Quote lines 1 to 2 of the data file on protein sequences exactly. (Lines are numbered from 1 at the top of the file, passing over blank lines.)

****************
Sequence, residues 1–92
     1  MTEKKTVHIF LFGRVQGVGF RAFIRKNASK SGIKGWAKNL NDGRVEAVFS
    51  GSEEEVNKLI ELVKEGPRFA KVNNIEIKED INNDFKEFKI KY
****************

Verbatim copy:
Sequence, residues 1–92
     1  MTEKKTVHIF LFGRVQGVGF RAFIRKNASK SGIKGWAKNL NDGRVEAVFS